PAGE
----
Teacher and board of public education sought protective order and moved to quash subpoena seeking teacher's personnel file, employment record, and records and documents relating to investigation or disciplinary action taken by board with regard to incident which gave rise to student's complaint against teacher. The District Court, Edenfield, J., held that: (1) teacher's personnel file and employment record were discoverable, as teacher would be sufficiently protected from annoyance and embarrassment by requiring student's attorney to, inter alia, pledge that he would not breach any confidentiality, and (2) work-product doctrine did not apply to preclude discovery of records and documents relating to investigative or disciplinary actions taken by board.
Noble L. Boykin, Jr., Savannah, Ga., for plaintiff.
Paul W. Painter, Jr., Savannah, Ga., for defendant.
EDENFIELD, District Judge.
Pursuant to this Court's Order of March 24, 1983, in the above-styled action, Dr. Michael K. Bookman, the Executive Director of the Board of Public Education for the City of Savannah and the County of Chatham, delivered for in camera inspection the documents production of which was requested by the plaintiff in a subpoena duces tecum served upon Dr. Bookman on January 21, 1983, to-wit: " [t]he entire personnel file and employment record and history of Charles Alexander Slack.... Further, all records pertaining to an incident involving said teacher and a student, James Daniel Chaney, occurring on August 31, 1982. Said records shall include, but not be limited to, all evidence, transcripts, findings, conclusions, summaries, reports, recommendations and all other documents and tangible items of whatsoever kind or nature relating to or involving disciplinary or investigative proceedings by the Board of Public Education for the City of Chatham taken against said teacher."
Defendant Charles Alexander Slack seeks a protective order and moves to quash the subpoena on the grounds that his personnel file and employment record contain private information relating to his personal life and background, that production of his history and file would therefore be annoying, embarrassing and oppressive and that the documents relating to the Board of Education's investigation of the alleged incident are privileged. Dr. Bookman also moves to quash the subpoena or for a protective order with respect to documents relating to investigative or disciplinary actions on the ground that they are immunized from discovery by the work-product doctrine. He does not object to the production of defendant's personnel file and employment record.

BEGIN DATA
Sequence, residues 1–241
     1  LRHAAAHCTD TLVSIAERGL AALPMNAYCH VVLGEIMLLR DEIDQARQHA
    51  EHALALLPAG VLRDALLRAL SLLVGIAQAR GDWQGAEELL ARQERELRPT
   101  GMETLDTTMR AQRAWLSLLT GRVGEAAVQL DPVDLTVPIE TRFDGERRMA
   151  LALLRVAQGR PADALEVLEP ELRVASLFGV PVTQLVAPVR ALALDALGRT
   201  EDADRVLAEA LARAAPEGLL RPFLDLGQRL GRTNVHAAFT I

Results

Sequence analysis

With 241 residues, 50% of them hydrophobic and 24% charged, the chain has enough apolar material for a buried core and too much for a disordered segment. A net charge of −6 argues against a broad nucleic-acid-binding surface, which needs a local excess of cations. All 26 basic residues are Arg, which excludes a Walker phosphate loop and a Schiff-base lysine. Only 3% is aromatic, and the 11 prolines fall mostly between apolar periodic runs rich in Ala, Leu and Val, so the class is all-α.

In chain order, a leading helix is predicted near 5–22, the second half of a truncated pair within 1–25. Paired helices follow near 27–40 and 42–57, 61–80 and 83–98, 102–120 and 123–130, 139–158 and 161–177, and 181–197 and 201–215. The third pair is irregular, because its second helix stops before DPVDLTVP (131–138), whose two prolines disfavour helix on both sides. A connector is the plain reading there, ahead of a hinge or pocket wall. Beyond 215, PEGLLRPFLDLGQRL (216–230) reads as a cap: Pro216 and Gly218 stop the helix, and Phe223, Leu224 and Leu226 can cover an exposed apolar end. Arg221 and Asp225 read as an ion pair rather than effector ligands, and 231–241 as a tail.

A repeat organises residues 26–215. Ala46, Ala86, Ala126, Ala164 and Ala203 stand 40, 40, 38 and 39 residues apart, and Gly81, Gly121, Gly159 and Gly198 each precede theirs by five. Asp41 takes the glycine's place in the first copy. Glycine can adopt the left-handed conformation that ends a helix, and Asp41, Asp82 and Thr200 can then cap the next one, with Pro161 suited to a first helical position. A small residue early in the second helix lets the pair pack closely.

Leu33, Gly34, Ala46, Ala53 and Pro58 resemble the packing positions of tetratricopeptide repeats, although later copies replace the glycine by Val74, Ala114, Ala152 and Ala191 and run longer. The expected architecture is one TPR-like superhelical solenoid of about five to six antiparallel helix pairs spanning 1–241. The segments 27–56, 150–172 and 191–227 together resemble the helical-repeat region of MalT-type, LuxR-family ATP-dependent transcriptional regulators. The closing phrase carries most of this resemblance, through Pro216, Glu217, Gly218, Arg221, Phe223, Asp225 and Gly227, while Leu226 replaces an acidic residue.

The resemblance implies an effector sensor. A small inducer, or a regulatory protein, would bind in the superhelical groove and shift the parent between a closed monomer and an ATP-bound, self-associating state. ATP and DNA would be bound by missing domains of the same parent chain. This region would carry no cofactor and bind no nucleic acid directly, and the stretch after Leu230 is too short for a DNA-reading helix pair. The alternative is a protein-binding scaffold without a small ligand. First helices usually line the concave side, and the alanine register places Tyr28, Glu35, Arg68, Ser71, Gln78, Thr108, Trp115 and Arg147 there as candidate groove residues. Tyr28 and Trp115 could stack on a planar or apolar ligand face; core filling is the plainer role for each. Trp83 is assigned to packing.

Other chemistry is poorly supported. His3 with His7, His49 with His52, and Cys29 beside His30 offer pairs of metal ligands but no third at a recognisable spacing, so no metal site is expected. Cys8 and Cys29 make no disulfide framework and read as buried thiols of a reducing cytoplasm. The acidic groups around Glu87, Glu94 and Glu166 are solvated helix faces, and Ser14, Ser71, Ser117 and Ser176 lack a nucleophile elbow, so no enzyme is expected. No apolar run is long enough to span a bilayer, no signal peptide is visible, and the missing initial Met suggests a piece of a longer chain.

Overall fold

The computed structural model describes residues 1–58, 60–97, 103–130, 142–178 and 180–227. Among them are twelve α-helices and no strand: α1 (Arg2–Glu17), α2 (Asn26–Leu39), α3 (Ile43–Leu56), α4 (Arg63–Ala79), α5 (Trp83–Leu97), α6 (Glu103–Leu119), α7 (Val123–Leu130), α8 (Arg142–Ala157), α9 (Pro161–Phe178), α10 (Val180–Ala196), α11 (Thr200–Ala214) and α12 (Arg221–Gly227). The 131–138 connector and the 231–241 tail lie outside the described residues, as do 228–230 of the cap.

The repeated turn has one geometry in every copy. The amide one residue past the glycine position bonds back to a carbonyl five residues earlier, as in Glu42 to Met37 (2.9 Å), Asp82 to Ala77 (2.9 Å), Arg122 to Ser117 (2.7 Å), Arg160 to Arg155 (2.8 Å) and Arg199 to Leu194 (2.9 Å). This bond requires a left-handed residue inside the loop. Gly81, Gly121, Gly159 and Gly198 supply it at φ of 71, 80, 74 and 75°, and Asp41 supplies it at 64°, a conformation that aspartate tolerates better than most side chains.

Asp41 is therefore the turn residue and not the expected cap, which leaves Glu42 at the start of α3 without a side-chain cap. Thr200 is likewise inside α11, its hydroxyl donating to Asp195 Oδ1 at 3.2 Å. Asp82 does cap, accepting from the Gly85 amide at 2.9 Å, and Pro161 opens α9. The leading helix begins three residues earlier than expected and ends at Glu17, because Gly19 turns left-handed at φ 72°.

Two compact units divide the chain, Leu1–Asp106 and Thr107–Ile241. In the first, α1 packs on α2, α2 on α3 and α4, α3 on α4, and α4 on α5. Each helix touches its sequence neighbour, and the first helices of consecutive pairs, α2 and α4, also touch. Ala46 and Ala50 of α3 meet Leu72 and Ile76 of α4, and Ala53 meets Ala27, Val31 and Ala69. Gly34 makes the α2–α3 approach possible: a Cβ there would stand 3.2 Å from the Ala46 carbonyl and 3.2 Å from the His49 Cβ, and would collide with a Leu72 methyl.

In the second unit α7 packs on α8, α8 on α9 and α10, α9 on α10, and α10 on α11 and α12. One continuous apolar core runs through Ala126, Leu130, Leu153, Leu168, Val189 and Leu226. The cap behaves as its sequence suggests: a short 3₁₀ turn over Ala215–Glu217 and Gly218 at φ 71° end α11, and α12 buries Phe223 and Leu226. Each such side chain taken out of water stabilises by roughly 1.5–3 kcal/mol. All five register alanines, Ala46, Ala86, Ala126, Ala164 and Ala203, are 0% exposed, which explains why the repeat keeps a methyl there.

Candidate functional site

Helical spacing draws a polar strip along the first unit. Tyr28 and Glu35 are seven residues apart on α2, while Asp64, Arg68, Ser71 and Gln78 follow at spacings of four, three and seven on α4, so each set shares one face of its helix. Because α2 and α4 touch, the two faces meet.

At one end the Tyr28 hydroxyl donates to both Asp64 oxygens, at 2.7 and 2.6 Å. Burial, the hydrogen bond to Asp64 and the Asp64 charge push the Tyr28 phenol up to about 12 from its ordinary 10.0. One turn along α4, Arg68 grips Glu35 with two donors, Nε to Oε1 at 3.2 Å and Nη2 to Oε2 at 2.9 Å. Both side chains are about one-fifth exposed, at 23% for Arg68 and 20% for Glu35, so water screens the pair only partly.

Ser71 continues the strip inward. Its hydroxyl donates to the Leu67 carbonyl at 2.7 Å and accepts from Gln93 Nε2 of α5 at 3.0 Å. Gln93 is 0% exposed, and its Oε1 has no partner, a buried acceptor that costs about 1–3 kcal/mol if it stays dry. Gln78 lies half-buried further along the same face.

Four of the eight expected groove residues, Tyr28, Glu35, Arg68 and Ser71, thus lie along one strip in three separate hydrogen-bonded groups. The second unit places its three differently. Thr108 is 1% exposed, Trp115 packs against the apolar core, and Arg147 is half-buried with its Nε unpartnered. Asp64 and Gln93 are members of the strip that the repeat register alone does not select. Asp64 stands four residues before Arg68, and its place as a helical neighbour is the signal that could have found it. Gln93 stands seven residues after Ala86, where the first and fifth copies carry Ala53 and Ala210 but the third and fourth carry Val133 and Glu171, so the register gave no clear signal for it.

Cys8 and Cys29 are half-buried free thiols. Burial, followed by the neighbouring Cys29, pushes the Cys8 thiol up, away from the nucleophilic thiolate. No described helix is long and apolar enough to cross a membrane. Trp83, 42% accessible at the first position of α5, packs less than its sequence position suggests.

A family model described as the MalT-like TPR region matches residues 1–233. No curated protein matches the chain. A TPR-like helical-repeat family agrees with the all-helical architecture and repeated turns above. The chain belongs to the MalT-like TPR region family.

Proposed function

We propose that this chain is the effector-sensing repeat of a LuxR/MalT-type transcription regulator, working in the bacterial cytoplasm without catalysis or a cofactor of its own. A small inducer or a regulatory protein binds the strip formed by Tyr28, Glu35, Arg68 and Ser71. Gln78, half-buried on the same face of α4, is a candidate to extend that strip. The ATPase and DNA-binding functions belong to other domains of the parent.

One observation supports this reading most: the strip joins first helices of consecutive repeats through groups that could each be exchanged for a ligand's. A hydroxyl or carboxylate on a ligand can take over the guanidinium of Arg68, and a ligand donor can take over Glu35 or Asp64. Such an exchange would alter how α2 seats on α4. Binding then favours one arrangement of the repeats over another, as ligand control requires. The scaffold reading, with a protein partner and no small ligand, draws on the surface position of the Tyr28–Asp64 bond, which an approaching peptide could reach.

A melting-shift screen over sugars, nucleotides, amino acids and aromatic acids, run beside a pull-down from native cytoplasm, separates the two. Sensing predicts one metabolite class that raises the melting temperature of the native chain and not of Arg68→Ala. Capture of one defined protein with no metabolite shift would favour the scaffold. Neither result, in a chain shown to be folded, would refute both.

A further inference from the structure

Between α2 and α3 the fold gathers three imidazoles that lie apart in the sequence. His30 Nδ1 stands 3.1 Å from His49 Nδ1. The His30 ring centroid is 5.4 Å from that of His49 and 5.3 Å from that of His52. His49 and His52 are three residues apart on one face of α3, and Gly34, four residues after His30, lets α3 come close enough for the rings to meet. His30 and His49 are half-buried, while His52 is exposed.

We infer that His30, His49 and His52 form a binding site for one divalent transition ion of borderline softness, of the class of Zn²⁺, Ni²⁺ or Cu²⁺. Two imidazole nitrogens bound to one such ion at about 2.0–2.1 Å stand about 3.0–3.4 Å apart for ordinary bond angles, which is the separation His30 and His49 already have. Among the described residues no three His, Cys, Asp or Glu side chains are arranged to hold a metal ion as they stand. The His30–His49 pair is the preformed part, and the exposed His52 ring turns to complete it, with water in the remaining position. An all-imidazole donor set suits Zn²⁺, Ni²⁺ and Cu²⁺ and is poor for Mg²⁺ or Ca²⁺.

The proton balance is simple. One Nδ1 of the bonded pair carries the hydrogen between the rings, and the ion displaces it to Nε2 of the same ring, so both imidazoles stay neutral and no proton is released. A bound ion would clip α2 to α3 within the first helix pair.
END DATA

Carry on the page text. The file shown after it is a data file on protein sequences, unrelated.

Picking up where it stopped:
A. Defendant's History and Personnel File
Rule 26(c) of the Federal Rules of Civil Procedure provides that the Court may, upon motion of a party or the person from whom discovery is sought, " make any order which justice requires to protect a party or person from annoyance, embarrassment, oppression, or undue burden or expense...." Such an order may direct that the discovery not be had or that it be conducted only under certain conditions. The objection raised here is based on the annoyance and embarrassment the defendant allegedly would suffer as a result of the exposure of the contents of his educational background and record as a teacher in the local school system.
I have reviewed the defendant's personnel file and employment record and find that the defendant will be sufficiently protected by requiring the attorney for the plaintiff to submit an affidavit of assurance pledging that he will not breach any confidentiality of any information disclosed through the production of defendant's personnel file and employment record and further pledging that disclosure of such information will be limited to his clients and only to such other persons whose consultation is necessary for preparation for the trial of this case. In addition to this safeguard, I have removed documents which might cause embarrassment to the defendant.
B. Records Pertaining to the Alleged Incident, Investigative and Disciplinary Actions
Both defendant and Dr. Bookman raise the work product doctrine as grounds for quashing the subpoena or for a protective order as to records and documents relating to the investigation or disciplinary action taken by the Board of Public Education with regard to the incident which gave rise to the complaint. By affidavit Ed Lee, Esq., attorney for the Board of Public Education, deposes that after the occurrence of the incident involving James Daniel Chaney and his teacher, Charles Alexander Slack, Lee directed Dr. Bookman to investigate the incident, to take statements and to transmit the results thereof to him, in anticipation that the Board would become involved in litigation regarding the incident and further that the records contain his mental impressions.
Rule 26(b)(3) of the Federal Rules of Civil Procedure provides in pertinent part as follows: